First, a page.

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July busiest month for births say official statistics

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July - the month in which Prince George of Cambridge was born - is often the busiest month for births, figures suggest.

Data obtained by the Royal College of Midwives (RCM) shows July was the busiest month on England’s labour wards for five out of the 11 years up to and including 2011.

More boys than girls are born in every month of every year, according to the analysis of figures from the Office for National Statistics (ONS).

They were published following a parliamentary question by Liberal Democrat MP for St Ives Andrew George.

It comes after figures published by the ONS last week showed the number of babies born in the UK is at its highest in four decades.

A total of 813,200 births were recorded between June 2011 and June 2012, giving the UK its biggest baby boom since 1972.

The rise has been attributed to larger numbers of women in their 20s and 30s becoming mothers, along with an increase in the number of migrant families.

The new analysis shows there were 174,653 more boys than girls born in England from 2001 to 2011. This means for every 100 girls born, there were 105 boys.

When the birth data is split by region, September is the most popular month for boys in the North East, while in the North West it is August and in the West Midlands it is October.

Figures for girls show similar variations. In the East Midlands, July and September are jointly the most popular months for girls, whilst in the South East and South West, October comes out top.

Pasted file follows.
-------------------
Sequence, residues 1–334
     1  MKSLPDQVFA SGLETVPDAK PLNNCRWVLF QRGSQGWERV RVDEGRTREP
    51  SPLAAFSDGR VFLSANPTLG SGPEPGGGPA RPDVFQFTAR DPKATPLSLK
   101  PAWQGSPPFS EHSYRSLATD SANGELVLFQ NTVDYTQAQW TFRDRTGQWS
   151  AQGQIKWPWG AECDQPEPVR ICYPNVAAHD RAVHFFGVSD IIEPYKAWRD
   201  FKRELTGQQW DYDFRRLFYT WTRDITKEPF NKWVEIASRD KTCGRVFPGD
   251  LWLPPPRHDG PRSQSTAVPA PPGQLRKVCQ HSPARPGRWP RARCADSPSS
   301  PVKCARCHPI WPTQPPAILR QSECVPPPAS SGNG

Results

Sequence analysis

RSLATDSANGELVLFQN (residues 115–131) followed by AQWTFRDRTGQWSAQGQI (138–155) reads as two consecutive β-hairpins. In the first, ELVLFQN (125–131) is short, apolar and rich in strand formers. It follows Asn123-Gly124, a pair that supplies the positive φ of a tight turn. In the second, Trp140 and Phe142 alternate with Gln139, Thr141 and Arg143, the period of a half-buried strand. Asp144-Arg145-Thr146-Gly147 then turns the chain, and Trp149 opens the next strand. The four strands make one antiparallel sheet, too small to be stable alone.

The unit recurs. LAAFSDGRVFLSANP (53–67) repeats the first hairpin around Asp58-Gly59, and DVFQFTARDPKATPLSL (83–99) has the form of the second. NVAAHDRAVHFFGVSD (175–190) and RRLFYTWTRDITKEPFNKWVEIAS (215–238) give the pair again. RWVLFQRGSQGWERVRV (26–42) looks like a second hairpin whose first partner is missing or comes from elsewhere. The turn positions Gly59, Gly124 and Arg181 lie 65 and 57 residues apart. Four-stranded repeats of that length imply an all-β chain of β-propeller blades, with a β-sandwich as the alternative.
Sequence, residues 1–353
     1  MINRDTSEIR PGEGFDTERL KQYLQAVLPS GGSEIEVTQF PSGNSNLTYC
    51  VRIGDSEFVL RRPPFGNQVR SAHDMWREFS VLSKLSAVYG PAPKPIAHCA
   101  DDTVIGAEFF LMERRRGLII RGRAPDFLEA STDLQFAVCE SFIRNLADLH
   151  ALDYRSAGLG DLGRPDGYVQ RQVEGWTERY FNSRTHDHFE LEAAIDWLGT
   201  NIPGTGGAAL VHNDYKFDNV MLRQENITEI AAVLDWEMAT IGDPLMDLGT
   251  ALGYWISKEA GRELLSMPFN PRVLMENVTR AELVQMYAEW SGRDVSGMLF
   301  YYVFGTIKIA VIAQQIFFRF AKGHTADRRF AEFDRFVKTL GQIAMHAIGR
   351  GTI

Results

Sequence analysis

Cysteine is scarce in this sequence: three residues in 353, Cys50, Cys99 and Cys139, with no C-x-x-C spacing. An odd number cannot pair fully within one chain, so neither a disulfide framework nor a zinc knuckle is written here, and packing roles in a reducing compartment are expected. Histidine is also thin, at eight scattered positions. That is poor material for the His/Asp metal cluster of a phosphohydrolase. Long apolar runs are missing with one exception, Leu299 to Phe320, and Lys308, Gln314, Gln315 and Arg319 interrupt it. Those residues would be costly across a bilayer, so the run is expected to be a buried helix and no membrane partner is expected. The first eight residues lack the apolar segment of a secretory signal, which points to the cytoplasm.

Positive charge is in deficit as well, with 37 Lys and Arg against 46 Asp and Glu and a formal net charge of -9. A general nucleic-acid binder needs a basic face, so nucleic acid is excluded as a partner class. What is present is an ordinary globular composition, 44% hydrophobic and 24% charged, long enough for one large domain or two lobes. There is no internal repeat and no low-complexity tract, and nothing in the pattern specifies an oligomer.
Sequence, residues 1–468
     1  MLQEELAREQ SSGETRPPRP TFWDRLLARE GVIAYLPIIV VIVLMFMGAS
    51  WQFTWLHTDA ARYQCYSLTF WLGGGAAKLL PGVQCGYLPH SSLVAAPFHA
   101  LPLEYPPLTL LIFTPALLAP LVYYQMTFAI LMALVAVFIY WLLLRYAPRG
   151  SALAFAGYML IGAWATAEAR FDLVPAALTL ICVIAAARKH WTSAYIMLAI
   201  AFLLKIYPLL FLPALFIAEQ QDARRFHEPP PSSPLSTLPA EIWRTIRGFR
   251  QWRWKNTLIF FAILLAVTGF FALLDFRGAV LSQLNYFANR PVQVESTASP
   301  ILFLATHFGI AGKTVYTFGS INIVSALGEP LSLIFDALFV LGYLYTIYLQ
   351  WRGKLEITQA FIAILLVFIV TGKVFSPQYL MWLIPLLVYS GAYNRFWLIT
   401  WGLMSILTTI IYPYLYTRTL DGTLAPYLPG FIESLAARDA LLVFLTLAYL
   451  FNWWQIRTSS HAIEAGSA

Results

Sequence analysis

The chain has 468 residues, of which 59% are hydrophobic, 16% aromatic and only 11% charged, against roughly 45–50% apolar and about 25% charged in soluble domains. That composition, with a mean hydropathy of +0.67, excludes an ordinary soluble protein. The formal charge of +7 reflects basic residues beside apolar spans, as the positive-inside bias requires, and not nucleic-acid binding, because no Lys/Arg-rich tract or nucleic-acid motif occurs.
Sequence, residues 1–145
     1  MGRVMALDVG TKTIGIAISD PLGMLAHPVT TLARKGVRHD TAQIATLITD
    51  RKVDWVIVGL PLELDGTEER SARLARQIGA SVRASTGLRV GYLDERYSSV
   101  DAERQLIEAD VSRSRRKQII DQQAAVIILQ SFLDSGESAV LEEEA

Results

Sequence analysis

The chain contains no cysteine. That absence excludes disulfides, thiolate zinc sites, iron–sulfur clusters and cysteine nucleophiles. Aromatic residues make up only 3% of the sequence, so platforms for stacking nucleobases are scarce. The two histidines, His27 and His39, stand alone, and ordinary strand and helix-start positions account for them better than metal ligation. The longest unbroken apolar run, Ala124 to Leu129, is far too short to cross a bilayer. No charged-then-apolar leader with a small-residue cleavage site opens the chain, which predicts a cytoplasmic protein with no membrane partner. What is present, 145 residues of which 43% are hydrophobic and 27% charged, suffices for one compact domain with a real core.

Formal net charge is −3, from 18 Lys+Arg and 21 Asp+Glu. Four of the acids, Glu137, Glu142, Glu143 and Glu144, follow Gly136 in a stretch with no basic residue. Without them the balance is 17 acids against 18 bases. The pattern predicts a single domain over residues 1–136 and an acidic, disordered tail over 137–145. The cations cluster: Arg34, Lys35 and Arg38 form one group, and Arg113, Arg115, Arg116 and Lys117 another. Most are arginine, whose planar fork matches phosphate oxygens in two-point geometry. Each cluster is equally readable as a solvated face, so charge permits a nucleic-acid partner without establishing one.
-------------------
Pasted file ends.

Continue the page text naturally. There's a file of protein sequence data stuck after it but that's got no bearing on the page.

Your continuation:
Cathy Warwick, chief executive of the RCM, said: “These are fun statistics but with a serious message behind them: not only is the baby boom continuing apace but even within years there are peaks of activity that put additional, acute pressure on midwives.

“The government realises that there is a real need for more midwives and isn’t shy about admitting it.

“We know they are putting extra investment into training more midwives and that is really welcome, especially given the pressure on the public finances.

“What we now need to see is extra effort from trusts up and down the country to staff maternity services appropriately.

“We need to see women getting adequate antenatal care, and importantly much better postnatal care.

“Giving women support, advice and care in those first days and weeks is incredibly important, and that’s true whether it is a boy, a girl, or even a prince.”

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